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Other Reviews, 1995-96:
For the Record 12/4/95 Review
You can write the editor email at GVPInc2@aol.com
"Do Your Homework," by Valerie Curtiss. Helpful hints about MT companies: "Finding a company where all this necessary equipment can be leased as a payroll deduction of about $10 a week is the least expensive way to get started." ". . .a great guide to some of those companies that may be hiring remote transcriptionists can be obtained from the American Health Information Management Association."
"Home based Transcription Services: Do you have What it Takes?" by Carol Paton. "Last August Marcia Gaffney CMT, recevied a call from a client asking for clarification on a portion of a medical report. After reviewing the year-old document stored in her computer files, Gaffney was surprised by her discovery." At least 5 years experience was recommended prior to starting an at-home transcription business; unqualified people think they can do it just because they have a computer and several medical books and have typed some medical words as a court reporter. Necessary equipment is listed. Warning is given about the discipline and isolation inherent in a home-based business.
Other articles in this magazine:
"RNs and HIMs: Diversity or Adversity?"
"AHIMA's Module 4 Aid to Managing Transcription," $195, to be available in mid-1996 (8 tapes)
"Quality Improvement in Medical Transcription" (hospital setting).
Two companies are featured: Tele-Trans Medical Transcription Service in San Antonio, owner Elaine Speece, and Ned and Patrice Swift's Swift Transcription in Spokane, worth $375,000 last year. Small MT businesses are described as thriving as well as larger services. The scarcity of MTs, the need for firms to offer competitive salaries and the need to adapt to new technologies are mentioned. AAMT, MTIA and Entrepreneur's business guide with start-up information are listed as resources, with phone numbers.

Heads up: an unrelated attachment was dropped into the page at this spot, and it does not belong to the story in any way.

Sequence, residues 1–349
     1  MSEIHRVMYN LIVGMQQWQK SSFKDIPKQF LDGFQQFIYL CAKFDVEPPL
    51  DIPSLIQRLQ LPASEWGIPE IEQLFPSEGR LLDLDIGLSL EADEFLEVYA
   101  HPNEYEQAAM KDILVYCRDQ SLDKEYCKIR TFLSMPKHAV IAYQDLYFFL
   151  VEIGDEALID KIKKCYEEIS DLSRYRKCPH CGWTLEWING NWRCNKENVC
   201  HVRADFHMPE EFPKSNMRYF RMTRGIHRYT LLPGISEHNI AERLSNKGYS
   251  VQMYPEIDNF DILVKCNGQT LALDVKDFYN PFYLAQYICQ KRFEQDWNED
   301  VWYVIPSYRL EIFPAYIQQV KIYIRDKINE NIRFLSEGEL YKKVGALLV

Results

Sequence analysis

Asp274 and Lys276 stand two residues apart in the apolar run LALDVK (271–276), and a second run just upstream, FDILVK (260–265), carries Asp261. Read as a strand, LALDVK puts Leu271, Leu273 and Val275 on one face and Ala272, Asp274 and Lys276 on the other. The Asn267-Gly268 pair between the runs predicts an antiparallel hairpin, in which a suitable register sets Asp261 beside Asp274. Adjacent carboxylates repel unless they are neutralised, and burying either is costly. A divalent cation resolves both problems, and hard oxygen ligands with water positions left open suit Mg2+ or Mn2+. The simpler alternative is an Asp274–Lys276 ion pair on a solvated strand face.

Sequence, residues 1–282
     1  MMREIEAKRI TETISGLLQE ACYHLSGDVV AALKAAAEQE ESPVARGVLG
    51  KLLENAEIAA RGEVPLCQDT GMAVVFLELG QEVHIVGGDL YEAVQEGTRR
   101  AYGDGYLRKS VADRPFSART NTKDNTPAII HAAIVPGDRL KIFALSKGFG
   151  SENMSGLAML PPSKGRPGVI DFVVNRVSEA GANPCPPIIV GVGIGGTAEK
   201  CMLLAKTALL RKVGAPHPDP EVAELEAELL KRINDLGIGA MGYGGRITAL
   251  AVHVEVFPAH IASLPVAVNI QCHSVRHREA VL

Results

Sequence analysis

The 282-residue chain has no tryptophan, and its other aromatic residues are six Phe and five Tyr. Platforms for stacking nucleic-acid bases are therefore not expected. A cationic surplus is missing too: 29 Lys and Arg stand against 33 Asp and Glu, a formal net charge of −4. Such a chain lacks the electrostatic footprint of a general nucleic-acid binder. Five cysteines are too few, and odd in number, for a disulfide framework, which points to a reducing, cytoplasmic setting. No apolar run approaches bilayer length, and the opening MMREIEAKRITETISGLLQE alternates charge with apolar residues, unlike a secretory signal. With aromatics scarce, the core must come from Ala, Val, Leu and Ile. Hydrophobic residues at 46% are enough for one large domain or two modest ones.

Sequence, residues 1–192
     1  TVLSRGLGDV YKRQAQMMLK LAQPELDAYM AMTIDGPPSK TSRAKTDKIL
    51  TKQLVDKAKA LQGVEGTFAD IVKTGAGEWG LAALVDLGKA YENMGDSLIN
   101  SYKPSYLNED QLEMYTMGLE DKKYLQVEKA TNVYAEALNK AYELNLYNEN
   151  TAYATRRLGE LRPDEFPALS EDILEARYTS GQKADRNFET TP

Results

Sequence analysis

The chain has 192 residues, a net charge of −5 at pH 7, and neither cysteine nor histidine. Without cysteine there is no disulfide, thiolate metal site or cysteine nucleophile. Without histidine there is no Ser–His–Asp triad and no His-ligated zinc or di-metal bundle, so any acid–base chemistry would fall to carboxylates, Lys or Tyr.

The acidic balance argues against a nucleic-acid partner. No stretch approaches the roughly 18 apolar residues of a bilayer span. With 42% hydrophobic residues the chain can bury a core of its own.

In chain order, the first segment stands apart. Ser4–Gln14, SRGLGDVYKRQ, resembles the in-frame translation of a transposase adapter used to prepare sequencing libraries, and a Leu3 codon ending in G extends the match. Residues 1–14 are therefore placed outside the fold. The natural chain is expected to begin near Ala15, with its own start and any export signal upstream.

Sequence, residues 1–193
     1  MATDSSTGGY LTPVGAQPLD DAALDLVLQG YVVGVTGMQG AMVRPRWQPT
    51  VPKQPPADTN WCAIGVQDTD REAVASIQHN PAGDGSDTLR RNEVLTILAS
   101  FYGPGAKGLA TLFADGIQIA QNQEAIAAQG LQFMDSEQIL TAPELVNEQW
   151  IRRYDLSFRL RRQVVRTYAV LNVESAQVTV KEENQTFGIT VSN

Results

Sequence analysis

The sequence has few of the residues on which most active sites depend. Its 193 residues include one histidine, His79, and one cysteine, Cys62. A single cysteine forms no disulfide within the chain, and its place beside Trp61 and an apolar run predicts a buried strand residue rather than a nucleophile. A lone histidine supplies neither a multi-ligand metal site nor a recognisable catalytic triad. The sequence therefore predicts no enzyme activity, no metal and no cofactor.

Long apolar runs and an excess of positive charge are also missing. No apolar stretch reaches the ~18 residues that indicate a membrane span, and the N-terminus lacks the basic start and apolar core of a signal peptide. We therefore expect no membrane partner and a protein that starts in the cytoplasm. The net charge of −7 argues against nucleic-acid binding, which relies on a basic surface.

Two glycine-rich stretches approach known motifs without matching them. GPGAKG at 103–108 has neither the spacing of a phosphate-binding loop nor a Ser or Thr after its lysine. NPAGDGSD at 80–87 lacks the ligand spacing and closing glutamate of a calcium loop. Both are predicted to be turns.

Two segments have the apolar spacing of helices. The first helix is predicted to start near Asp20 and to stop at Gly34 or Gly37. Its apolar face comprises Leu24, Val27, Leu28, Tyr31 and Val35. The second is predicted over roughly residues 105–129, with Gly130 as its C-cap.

The magazine is full of ideas for new businesses, mainly home-based ideas. One advertisement offered home training for MT: Medical Management Software of San Mateo, California, MMedical@aol.com.
We are in a transition comparable to that from wilderness hunting to
agriculture, and agriculture to industry, with a new frontier of a
knowledge marketplace that is still a "gift economy" with the
elimination of middle men.
Knowledge leads, not technology.
Interactive communication stops one-way propaganda manipulation.
Locations of power and leadership are changing.
Monopolies are being broken up, some markets are becoming obsolete (television, telephone).
"Grizzly bears" on the net will become extinct too.
The net is a "possibility space" with new virtues, ethics and values emerging.
The net appears to be chaos because there is such freedom of many individuals, and there are no central controls.
Order can emerge from the chaos or be imposed from the outside.
Diversity in unity brings stability, not rigid uniformity.
Government intervention and control can be stifling to what is emerging; self-government on the net will prevent the need for government intervention.
Cartoons critical of cyberspace focus on mergers trying to control, the small folks getting run over by the big folks, the uselessness of the net to some people, and the new "haves" and "have nots."
Those who can use this new market must have the expertise and the time.